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Report: Pac-12 commissioner George Kliavkoff believes NCAA should not govern college football

Griffin McVeigh06/17/22
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Alika Jenner/Getty Images.

College football is in the midst of a transition period with how the sport works. One of the biggest changes may not even be here yet, as Pac-12 commissioner George Kliavkoff would like to have the sport govern itself.

Kliavkoff is in favor of breaking away from the NCAA and letting college football be its own entity. He said the conferences themselves should be in control, making their own set of rules as college football progresses.

“We have to be realistic about the fact that football is a unique animal among the rest of the college sports and that there are conferences that should be more aligned and should be more in control of the future of high-level college football,” Kliavkoff told Nicole Auerbach of The Athletic on Friday.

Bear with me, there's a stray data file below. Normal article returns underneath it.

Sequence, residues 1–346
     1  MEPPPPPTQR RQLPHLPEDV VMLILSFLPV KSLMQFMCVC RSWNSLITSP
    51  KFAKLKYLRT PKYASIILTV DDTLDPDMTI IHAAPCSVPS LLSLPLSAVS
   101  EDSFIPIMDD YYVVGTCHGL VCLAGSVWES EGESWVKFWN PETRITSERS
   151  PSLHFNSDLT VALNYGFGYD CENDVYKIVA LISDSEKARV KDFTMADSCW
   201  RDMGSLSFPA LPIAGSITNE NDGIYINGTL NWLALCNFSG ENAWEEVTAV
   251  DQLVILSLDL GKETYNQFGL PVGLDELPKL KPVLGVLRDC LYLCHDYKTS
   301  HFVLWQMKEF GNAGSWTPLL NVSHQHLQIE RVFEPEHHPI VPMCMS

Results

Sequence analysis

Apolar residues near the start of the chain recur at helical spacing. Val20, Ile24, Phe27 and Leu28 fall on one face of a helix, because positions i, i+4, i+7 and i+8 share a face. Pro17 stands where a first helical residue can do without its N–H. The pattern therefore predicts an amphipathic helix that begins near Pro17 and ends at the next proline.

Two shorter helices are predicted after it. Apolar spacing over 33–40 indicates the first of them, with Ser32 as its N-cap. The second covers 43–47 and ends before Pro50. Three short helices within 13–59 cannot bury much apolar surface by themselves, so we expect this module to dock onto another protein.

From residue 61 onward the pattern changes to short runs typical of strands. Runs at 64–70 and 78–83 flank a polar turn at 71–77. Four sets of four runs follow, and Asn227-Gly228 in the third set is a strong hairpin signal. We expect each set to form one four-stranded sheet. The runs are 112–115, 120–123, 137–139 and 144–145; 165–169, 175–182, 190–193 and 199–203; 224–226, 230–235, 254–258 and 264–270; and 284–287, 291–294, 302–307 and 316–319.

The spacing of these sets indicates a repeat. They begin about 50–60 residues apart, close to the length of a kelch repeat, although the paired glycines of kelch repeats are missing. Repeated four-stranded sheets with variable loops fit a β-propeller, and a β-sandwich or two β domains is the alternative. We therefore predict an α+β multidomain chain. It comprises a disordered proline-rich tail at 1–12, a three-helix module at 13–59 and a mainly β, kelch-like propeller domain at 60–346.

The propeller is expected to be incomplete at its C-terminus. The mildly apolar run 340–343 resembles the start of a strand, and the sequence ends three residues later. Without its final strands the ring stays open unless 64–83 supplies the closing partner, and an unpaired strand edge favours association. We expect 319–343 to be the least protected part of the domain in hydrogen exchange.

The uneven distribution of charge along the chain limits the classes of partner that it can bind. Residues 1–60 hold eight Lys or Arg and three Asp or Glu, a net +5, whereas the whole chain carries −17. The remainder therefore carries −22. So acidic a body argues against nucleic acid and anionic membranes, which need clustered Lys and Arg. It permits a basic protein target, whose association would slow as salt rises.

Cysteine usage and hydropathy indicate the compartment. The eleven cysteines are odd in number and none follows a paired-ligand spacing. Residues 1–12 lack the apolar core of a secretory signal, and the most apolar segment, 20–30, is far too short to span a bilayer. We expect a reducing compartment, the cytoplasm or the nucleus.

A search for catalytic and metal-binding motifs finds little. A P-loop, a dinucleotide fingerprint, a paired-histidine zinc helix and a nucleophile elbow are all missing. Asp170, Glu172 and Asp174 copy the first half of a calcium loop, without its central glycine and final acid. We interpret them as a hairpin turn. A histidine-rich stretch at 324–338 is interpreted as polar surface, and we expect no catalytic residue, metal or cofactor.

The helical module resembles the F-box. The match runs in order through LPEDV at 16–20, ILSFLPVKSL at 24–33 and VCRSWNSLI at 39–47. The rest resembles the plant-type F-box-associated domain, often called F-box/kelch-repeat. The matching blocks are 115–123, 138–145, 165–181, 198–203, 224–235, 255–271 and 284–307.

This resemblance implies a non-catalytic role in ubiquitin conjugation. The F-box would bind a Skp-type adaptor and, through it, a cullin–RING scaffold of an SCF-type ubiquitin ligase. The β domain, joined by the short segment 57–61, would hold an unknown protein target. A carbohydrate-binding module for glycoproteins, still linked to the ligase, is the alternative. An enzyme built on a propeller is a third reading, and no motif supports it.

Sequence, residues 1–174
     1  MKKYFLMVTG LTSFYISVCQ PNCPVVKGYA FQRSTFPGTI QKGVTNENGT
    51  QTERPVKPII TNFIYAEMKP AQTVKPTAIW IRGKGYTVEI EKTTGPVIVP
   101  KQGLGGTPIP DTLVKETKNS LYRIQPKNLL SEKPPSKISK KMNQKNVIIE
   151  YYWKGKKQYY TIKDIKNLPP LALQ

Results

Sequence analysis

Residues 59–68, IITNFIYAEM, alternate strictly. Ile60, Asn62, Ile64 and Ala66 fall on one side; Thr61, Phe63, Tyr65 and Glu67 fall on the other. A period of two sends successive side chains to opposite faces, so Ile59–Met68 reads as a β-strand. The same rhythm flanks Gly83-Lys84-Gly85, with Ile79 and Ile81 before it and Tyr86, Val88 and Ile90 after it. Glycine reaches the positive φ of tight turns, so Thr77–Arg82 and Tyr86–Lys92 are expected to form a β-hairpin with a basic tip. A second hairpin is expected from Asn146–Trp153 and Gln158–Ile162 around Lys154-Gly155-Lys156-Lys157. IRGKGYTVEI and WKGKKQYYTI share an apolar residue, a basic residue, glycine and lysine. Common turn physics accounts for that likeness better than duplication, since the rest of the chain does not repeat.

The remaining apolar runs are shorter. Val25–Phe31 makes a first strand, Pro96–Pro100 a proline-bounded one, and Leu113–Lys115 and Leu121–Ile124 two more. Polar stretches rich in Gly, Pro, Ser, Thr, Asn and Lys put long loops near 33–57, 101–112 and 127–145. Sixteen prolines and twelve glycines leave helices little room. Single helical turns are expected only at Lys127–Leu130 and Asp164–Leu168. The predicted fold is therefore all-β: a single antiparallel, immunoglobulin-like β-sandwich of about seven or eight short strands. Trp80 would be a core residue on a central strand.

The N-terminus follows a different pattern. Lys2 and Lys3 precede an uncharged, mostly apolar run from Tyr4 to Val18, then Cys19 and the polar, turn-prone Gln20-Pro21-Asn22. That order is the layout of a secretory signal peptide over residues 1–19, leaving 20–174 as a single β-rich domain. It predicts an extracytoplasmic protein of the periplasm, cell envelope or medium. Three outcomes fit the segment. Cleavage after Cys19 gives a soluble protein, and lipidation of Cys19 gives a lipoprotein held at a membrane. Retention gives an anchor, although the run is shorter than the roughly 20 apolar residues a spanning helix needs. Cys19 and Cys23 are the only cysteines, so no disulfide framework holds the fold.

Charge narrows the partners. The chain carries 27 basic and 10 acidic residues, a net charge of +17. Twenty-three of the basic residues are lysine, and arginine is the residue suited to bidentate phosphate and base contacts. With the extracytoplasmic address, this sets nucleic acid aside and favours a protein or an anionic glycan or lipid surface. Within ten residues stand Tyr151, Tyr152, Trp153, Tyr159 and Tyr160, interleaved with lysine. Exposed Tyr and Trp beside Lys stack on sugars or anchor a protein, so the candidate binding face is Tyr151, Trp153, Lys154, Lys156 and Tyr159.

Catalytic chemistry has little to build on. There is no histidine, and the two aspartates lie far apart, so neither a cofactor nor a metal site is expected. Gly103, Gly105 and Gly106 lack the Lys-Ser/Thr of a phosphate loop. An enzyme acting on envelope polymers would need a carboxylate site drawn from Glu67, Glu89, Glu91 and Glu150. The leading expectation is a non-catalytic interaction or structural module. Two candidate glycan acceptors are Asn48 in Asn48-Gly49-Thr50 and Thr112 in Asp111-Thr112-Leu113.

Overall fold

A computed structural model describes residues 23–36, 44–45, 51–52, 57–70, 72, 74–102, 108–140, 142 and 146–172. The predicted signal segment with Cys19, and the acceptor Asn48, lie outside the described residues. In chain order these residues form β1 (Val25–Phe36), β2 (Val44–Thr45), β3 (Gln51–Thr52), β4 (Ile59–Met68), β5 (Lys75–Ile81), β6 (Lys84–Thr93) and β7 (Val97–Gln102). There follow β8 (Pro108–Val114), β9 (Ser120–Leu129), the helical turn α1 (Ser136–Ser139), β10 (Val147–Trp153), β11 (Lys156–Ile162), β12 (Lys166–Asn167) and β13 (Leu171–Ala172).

Kliavkoff says he is not alone either. The leader of the Pac-12 has talked with “several” other FBS commissioners who support the idea of breaking away from the NCAA as well. According to him, everyone wants to have a separate organization run the 10 FBS conferences.

“I’ve had conversations with several of the FBS commissioners, and I’ve been surprised by the unanimous support for the idea among the folks that I’ve spoken to about taking football rule-making and football rule enforcement out of the NCAA and investing it in an organization that is run by the 10 (FBS) conferences.”

The College Football Playoff has been the biggest topic of discussion over the past year for Kliavkoff and his fellow commissioners, as expansion is on the horizon. A new model has not been determined yet but it’s something the Power Five conferences will want to have control over.

Kliavkoff also cited how the NCAA runs over 1,000 different schools over three different divisions. He said breaking away would give the FBS a set of rules that works best for them when say, compared to Division III.

“For me, it would make sense to have self-governance for a smaller group of conferences than the 32 that currently make up Division I,” George Kliavkoff said. “But that doesn’t necessarily mean being separate from the NCAA. You can do that within the NCAA, similar to the way certain autonomy was given to the (Power 5) conferences for certain issues.”